Another study found that intermittent fasting appears to produce similar effects to continuous energy restriction in reducing body weight, fat mass, fat-free mass and improving glucose balance, and may reduce appetite.5 In this particular study, this led to the conclusion that intermittent fasting is a valid strategy that is not superior to continuous energy restriction for weight loss.5
What Are the Risks of Intermittent Fasting?
Although it appears that intermittent fasting is a viable option for weight loss, there are safety concerns with the diet that should be addressed. For those who are already on a diet that’s lacking vitamins and protein, eating less food could lead to vitamin deficiency and muscle loss.1 However, this can be offset with multivitamins, proper protein intake and engaging in strength training.1 Also, if fasting is taken to the extreme, it can lead to malnourishment and semi-starvation.1,3 There is a risk that semi-starvation can result in an abnormal increase in appetite, leading to an increase in fat mass beyond initial levels.3
In very low-calorie diets (<800 kcal/d), there is an increased risk of nutrient deficiencies and electrolyte abnormalities.3 It’s important to note that very low-calorie diets don’t produce greater long-term weight loss than diets with less-severe restriction.3 Additionally, a reduction in energy intake can trigger a variety of biological adaptations that can promote weight regain after weight loss.3
The well-known risk of protein deficiency and suboptimal protein intake is a concern with fasting.3 Therefore, appropriate medical supervision is recommended in individuals that are implementing intermittent fasting.3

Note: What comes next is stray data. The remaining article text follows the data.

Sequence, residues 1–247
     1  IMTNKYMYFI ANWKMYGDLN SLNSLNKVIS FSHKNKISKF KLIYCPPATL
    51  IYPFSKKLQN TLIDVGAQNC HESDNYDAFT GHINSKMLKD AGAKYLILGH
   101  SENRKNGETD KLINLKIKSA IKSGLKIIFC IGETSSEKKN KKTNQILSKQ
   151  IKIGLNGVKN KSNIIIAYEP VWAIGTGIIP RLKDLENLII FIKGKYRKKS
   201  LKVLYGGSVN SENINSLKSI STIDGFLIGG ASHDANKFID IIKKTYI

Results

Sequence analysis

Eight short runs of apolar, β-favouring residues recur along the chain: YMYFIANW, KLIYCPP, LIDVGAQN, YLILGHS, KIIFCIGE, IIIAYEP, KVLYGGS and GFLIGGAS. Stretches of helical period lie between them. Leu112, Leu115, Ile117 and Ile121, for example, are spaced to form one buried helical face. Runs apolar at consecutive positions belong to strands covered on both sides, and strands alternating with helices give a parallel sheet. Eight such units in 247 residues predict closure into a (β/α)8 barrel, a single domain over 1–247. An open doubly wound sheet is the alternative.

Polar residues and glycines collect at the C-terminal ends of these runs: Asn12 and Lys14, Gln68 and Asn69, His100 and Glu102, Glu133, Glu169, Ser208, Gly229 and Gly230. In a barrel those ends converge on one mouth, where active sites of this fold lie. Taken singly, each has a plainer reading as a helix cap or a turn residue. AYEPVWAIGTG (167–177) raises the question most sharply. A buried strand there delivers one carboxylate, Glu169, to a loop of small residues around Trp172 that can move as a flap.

The Bottom Line
Intermittent fasting is a broad dietary strategy that involves alternating periods of fasting and eating in a variety of patterns. It’s an emerging trend that appears to be an efficient and effective method for weight loss, though many healthcare practitioners remain uncertain about its long-term benefits and safety. Most studies examining the potential benefits of intermittent fasting have only been performed on animals; however, emerging evidence demonstrates consistent benefits in reducing body weight and body fat, as well as reducing cardiovascular risk factors. Some studies have even shown that intermittent fasting is equally effective as continuous energy restriction, making it a valid option for those who are trying to lose weight. Of course, there are risks associated with fasting, such as poor nutrient and protein intake, as well as malnourishment. Therefore, appropriate supervision is recommended before this type of diet is initiated.
As always, we hope you took away something valuable from this piece. If you have any questions or concerns regarding this article or others, feel free to reach out to us on Instagram, Facebook, or at firstname.lastname@example.org with your feedback. We’d love to hear from you.
- Collier, R. (2013). Intermittent fasting: the next big weight loss fad. Canadian Medical Association Journal, 185(8), E321-E322. doi: 10.1503/cmaj.109-4437
- Horne, B., Muhlestein, J., & Anderson, J. (2015). Health effects of intermittent fasting: hormesis or harm? A systematic review. The American Journal Of Clinical Nutrition, 102(2), 464-470. doi: 10.3945/ajcn.115.109553
- Tinsley, G., & La Bounty, P. (2015). Effects of intermittent fasting on body composition and clinical health markers in humans. Nutrition Reviews, 73(10), 661-674. doi: 10.1093/nutrit/nuv041
- Jane, L., Atkinson, G., Jaime, V., Hamilton, S., Waller, G., & Harrison, S. (2015). Intermittent fasting interventions for the treatment of overweight and obesity in adults aged 18 years and over: a systematic review protocol. JBI Database Of Systematic Reviews And Implementation Reports, 13(10), 60-68. doi: 10.11124/jbisrir-2015-2363
- Seimon, R., Roekenes, J., Zibellini, J., Zhu, B., Gibson, A., & Hills, A. et al. (2015). Do intermittent diets provide physiological benefits over continuous diets for weight loss? A systematic review of clinical trials. Molecular And Cellular Endocrinology, 418, 153-172. doi: 10.1016/j.mce.2015.09.014